Blackwattle Creek by Geoffrey McGeachin
It’s September 1957 and Melbourne police detective Charlie Berlin, former bomber pilot and ex-POW, has wangled himself a week off.
But there’s no rest for Charlie, a decent but damaged man still troubled by his wartimes experiences, when a just widowed friend of his wife asks a favour and he’s dropped into something a hell of a lot bigger than he bargained for.
A local funeral parlour has been burying bodies with parts missing and when a Hungarian émigré hearse driver points Berlin in the right direction for some answers it quickly becomes obvious anyone asking the wrong questions is in real danger.
With his partner beaten and left for dead, witnesses warned off, Special Branch on his case, and people he doesn’t know watching his every move Berlin realises even his young family may be in danger.
Berlin’s pursuit of the truth leads him to Blackwattle Creek, once an asylum for the criminally insane and now a foreboding home to even darker evils.
And if Charlie thought government machinations during World War II were devious, those of the Cold War leave them for dead…
From author the of THE DIGGERS REST HOTEL, the 2011 Ned Kelly Best Crime Fiction winner and a book described as “a feisty, beautifully researched thriller … shot through with brilliant insights and great dialogue… fitfully lit by explosive flashbacks to battle in the air”, Geoffrey McGeachin’s new BLACKWATTLE CREEK is richly evocative of the mood of the times and a cracking good tale with a wryly macabre wit and a sobering core.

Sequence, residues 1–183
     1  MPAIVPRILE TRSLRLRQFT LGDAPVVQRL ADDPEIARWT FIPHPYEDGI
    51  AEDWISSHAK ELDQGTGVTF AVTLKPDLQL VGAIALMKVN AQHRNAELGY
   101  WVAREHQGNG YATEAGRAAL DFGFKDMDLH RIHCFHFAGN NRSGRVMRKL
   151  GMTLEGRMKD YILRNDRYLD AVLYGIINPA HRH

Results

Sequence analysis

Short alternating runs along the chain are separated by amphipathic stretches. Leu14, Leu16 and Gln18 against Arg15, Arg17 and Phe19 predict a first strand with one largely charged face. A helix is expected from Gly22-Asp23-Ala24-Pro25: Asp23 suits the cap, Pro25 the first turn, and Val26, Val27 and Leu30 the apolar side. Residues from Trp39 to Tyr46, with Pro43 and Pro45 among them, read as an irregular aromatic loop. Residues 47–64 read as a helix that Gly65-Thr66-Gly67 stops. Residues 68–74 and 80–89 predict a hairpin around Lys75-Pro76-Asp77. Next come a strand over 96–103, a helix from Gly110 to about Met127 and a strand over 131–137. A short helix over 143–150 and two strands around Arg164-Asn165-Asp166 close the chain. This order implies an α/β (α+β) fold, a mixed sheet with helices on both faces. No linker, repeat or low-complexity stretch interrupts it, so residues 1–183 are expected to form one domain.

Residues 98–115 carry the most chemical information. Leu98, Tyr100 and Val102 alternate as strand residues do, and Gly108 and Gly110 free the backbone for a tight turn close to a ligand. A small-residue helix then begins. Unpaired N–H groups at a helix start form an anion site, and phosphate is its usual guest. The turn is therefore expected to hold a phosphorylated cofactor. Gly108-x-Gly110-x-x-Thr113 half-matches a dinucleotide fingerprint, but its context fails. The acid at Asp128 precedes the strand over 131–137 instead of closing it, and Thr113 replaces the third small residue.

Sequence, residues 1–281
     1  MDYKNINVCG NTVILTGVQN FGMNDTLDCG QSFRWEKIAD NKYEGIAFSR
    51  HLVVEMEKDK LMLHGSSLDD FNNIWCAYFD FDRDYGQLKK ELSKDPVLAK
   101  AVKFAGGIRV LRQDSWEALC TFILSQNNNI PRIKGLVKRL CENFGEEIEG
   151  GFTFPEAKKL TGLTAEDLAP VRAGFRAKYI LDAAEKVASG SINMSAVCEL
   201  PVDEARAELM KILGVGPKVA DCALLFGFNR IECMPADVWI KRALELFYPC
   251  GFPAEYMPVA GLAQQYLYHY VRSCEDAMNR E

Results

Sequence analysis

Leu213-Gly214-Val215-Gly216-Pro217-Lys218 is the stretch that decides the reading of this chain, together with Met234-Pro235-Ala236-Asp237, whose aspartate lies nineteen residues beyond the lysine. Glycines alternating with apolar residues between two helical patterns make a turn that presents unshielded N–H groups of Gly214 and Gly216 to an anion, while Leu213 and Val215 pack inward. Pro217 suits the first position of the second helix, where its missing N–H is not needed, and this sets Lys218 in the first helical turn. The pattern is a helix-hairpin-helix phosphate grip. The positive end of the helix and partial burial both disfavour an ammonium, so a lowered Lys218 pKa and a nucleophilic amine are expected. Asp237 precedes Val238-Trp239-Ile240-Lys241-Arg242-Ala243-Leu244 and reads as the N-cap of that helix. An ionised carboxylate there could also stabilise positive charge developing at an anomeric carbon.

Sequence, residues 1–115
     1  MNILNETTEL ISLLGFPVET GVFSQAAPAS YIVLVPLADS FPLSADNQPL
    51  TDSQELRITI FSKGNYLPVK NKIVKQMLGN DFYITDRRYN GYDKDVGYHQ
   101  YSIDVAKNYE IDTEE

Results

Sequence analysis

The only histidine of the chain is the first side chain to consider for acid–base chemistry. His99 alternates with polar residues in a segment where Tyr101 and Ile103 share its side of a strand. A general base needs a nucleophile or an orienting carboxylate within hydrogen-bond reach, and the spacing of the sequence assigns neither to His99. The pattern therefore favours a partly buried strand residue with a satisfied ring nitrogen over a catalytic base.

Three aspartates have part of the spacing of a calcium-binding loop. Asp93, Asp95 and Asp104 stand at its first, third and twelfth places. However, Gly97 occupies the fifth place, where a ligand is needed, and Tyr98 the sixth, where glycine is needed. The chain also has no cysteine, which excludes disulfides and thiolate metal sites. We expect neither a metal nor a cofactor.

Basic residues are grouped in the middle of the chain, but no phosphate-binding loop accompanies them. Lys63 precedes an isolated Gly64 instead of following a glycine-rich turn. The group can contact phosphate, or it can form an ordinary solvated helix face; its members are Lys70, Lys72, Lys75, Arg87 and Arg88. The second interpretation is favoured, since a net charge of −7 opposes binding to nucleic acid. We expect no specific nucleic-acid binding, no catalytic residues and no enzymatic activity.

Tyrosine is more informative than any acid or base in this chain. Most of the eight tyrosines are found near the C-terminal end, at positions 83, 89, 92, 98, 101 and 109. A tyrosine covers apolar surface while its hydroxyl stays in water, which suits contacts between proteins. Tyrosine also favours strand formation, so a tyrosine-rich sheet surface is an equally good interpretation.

Melbourne-born Geoffrey McGeachin worked for many years as a photographer based in Los Angeles, New York and Hong Kong before moving to Sydney’s Bondi Beach where he now teaches photography and writes. His first book FAT FIFTY AND F***ED! won the 2003 Australian Popular Fiction competition and was followed by three novels featuring globe trotting photographer/spy Alby Murdoch. His fifth book The Diggers Rest Hotel introduced the character Charlie Berlin and won the Crime Writers Association of Australia’s 2011 Ned Kelly Award for Best Fiction.
To learn more about Geoffrey, please visit his website.
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